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President Obama’s reported end-run around Congress to seek an international agreement to cut carbon emissions could be the opening shot in a larger executive-action scheme that could see billions spent on the so-called clean energy sector.

The New York Times reported Obama is seeking to sign the sweeping international agreement in Paris in 2015. The treaty would require nations to cut their emissions or face political and other consequences.

Obama is attempting to sidestep the constitutional requirement for a two-thirds majority vote in the Senate before signing any binding treaty.

To do so, he is devising what the New York Times ambiguously described as a “politically binding” deal that would “name and shame” countries into cutting their emissions, instead of a legally binding deal.

The treaty may not be the only coming attempt to bypass Congress on so-called climate change.

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Last year, the White House named Center for American Progress Founder John Podesta to the position of “counselor” to focus largely on climate issues.

Podesta’s work and some recent White House moves may be telling.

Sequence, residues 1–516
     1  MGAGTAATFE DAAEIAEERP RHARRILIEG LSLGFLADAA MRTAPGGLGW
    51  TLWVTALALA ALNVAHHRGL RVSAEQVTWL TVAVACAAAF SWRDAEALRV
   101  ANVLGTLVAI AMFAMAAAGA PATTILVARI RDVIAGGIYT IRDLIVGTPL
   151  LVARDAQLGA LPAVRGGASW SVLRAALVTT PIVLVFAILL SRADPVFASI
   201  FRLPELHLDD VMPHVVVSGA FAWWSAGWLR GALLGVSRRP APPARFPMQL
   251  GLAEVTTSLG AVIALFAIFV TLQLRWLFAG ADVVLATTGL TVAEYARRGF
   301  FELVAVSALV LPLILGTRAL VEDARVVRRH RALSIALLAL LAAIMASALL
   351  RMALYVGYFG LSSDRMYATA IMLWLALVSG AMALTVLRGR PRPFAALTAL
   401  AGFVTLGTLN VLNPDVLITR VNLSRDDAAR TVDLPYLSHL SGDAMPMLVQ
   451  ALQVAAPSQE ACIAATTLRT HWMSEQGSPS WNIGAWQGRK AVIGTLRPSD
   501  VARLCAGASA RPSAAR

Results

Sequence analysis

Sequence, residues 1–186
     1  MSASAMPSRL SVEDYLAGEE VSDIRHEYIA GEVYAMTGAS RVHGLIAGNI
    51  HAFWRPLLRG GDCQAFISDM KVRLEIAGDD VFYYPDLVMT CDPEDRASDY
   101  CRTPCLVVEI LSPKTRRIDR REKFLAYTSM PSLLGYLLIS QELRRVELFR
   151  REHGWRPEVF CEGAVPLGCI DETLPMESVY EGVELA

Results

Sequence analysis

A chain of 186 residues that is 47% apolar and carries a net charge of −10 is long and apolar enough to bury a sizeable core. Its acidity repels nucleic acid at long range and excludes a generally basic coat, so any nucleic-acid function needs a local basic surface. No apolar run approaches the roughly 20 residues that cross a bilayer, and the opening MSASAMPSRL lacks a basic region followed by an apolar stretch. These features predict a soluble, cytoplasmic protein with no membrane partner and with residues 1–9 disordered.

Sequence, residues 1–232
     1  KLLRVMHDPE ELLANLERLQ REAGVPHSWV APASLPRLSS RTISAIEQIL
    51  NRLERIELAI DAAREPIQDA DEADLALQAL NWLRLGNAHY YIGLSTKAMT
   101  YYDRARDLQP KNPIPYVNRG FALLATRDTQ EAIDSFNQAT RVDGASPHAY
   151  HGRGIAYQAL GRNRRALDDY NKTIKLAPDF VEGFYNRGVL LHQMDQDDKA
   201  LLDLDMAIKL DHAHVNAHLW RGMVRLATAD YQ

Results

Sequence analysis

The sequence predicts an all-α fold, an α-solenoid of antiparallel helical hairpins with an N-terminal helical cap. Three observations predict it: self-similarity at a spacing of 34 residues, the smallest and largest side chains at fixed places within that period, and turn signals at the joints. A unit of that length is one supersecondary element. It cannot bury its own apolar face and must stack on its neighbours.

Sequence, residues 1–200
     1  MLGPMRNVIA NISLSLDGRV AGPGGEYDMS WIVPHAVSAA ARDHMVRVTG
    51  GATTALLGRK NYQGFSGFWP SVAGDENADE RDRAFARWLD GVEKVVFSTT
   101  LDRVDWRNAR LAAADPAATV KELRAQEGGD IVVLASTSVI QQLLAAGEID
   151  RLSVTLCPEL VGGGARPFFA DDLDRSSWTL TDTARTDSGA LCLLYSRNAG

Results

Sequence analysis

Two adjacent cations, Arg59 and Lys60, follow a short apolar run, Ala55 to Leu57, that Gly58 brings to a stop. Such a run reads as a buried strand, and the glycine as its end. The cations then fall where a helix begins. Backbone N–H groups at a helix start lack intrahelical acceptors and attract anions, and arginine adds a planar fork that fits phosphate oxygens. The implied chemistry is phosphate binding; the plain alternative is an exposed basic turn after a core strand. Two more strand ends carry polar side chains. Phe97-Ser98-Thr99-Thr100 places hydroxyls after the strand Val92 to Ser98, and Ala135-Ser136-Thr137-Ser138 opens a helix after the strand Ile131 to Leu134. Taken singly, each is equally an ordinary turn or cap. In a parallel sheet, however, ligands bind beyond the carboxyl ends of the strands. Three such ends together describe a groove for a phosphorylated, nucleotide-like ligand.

In January, the White House announced a presidential memorandum establishing a Quadrennial Energy Review.

The announcement said the new review will focus on how to implement new energy policy for the nation’s “infrastructure for transporting, transmitting, and delivering energy.”

It will offer recommendations that could result in “additional executive or legislative actions to address the energy challenges and opportunities facing the Nation,” the White House said.

The review will collect input from “nongovernmental, environmental, faith-based, labor, and other social organizations; and contributions from the academic and non-profit sectors” in addition to governmental recommendations.

While Obama’s Quadrennial Energy Review was widely covered by news media, largely unmentioned is that the review apparently is executive implementation of legislation that twice failed to pass.

The presidential memo is largely a rehash of the Quadrennial Energy Review Act of 2013 introduced by Mark Pryor, D-Ark., and left in the Senate Energy and Natural Resources Committee.

The website Govtrack.us gave the bill a 29 percent chance of getting past committee and 4 percent chance of being enacted.

The Quadrennial Energy Review was one of the recommendations made last March by Obama’s Council of Advisers on Science and Technology.

The new review was announced days after Podesta assumed his new role as White House counselor. Podesta’s emphasis reportedly includes environmental issues.

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Podesta has been spearheading a push for massive new federal funds to finance local “clean energy” projects nationwide, as WND previously reported.

A review of recent Center for American Progress, or CAP, research papers finds specific plans for the Commerce Department to finance so-called clean energy projects throughout the nation.

Written by AARON KLEIN
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